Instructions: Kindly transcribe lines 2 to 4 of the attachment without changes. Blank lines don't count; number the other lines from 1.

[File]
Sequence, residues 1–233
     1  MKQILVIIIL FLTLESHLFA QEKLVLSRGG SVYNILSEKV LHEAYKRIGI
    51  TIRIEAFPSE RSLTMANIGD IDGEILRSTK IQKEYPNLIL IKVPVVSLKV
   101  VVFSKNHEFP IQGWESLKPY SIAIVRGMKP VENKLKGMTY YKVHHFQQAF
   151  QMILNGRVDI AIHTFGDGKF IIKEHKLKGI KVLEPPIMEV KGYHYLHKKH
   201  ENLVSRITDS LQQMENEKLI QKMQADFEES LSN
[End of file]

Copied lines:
     1  MKQILVIIIL FLTLESHLFA QEKLVLSRGG SVYNILSEKV LHEAYKRIGI
    51  TIRIEAFPSE RSLTMANIGD IDGEILRSTK IQKEYPNLIL IKVPVVSLKV
   101  VVFSKNHEFP IQGWESLKPY SIAIVRGMKP VENKLKGMTY YKVHHFQQAF